Insulating Warm Climate Housing: Unique Advantage of Reflective Roof Spaces



Most Australians live in houses along the coast where climate extremes are moderated by proximity to the ocean. In the milder climatic regions where there is negligible need for house heating reflective air spaces in roofs offer an ideal means of controlling the dominant summer heat gain through roofs. Ask any house insulation supplier in Brisbane and they will tell you they only sell insulation to householders during the hotter months.


Why Reflective Insulation Should be Used in Warm Coastal Regions

Horizontal reflective air spaces are the only type of insulation which offers:


        A high resistance to heat flow downward through the roof from solar heat gain

        A low resistance to heat flow upward through the roof allowing rapid heat loss in the evening

        No other insulation material has these properties.


In effect horizontal reflective air spaces in roofs act as one-way valves for summer heat flow restricting daytime heat gain while facilitating night time heat loss. This is important because indoor discomfort in the evening which inhibits sleep can be very debilitating.


Use of reflective air spaces in roofs combined with natural ventilation and ceiling fans in houses along much of the Australian coast can provide from 8 to 10 star energy efficiency ratings on the NatHERS scales. These would be amongst the most energy efficient houses in the developed world.

Richard Aynsley, B.Arch(Hons I), MS(Arch Eng), PhD.


Former UNESCO Professor of Tropical Architecture, James Cook University, QLD

Dean, College of Technology, Southern Polytechnic State University, Marietta GA, USA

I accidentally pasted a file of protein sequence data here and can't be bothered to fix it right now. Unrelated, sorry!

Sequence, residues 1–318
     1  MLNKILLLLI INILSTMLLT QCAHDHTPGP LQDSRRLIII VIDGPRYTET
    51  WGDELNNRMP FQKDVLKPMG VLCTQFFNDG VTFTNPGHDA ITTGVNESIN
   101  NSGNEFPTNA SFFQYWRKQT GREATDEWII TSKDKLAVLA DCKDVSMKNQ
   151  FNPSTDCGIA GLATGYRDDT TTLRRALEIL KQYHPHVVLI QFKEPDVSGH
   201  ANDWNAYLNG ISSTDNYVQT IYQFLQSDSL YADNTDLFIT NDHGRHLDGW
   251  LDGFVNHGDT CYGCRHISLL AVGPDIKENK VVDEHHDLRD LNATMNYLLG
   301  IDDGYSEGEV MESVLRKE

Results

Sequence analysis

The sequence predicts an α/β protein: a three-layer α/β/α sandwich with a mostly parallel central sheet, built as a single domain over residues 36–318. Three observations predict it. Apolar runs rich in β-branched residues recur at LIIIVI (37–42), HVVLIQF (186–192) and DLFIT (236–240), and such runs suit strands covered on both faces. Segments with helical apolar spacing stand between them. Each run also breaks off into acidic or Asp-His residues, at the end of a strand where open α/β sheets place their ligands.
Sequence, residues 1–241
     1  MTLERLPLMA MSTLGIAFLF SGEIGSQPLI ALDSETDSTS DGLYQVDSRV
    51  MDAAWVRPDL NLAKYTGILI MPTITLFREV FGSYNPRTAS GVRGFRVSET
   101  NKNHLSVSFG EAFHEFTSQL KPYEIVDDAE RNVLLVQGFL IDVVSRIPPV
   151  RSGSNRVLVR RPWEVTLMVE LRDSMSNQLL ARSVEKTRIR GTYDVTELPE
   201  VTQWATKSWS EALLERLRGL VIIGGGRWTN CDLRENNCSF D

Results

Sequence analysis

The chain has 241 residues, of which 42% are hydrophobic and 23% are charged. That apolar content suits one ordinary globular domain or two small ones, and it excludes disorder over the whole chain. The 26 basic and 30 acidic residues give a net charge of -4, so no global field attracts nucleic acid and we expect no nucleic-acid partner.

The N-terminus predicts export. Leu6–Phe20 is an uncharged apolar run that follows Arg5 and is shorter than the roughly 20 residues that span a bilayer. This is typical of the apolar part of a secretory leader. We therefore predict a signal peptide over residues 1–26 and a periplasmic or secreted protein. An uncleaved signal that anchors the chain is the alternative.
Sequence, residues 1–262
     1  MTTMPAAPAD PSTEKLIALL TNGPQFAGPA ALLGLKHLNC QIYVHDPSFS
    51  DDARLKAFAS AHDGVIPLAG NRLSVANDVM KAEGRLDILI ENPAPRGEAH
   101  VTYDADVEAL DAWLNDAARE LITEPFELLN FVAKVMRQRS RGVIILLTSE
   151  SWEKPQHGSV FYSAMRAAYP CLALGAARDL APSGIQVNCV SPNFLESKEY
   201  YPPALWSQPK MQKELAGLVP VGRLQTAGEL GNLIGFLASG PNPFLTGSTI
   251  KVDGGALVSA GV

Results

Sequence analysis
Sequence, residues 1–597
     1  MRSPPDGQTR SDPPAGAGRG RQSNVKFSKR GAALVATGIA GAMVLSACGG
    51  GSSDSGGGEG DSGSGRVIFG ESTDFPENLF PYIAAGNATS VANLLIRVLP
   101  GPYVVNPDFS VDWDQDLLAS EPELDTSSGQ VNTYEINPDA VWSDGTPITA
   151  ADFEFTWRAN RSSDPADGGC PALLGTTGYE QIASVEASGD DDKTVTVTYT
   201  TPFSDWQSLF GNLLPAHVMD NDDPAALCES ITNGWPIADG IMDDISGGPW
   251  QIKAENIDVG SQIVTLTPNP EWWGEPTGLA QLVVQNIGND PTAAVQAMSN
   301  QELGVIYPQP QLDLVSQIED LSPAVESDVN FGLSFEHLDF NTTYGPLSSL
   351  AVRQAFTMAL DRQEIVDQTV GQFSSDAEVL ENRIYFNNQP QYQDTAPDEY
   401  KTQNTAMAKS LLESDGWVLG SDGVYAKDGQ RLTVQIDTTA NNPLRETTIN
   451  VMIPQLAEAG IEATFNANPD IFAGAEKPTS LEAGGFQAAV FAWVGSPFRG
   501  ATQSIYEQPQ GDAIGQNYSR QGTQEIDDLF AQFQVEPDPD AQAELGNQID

24 August 2000


















7 September, 2000


Prof. Richard Aynsley


Australian Institute of Tropical Architecture

James Cook University

Townsville, QLD





1.      NatHERS claims to be able to rate any type of house anywhere in Australia - not so. This would require NatHERS star ratings be provided for naturally ventilated houses in warm climates. At present they only give a bar chart indication of degreehours overheating without any numerical values. What is needed for these houses is the energy used by fans to maintain indoor thermal comfort for a year. There has to be a common energy efficiency currency e.g. Mj/m2.annum with associated star bands for there to be any possibility of introducing mandatory declaration of energy efficiency of houses.

2.      Much of the software currently used to estimate heat/cooling or comfort in Australian houses (NatHERS, BERS, ARCHIPAK etc) only allow a single R value to be entered for insulation materials. This seriously negates the beneficial attributes of horizontal reflective air spaces in warm climates as demonstrated for Queensland by Coldicutt (1981 NHRC Report) using TEMPAL software. The current version of this software (ENCON) developed by Professor Terry Williamson of the University of Adelaide accepts the different R values for heat flow up and heat flow down associated with horizontal reflective air spaces. It can also estimate the energy needed for fans to maintain indoor thermal comfort in warm humid climate conditions.

3.      If energy efficiency regulation as a matter of convenience ignore the beneficial effects of horizontal reflective air spaces in roofs of houses in warm climates, then the situation could be actionable under trade practices legislation. Ignoring these effects would be detrimental to a wide range of aluminium foil insulation products and favour bulk insulation products in spite of the demonstrable consumer benefits of reflective foil insulation in Australia's warm climates.



**As of 18 Sep. 2000 -

Prof Richard Aynsley

Dean of College

Southern Polytechnic State University

Marietta (near Atlanta)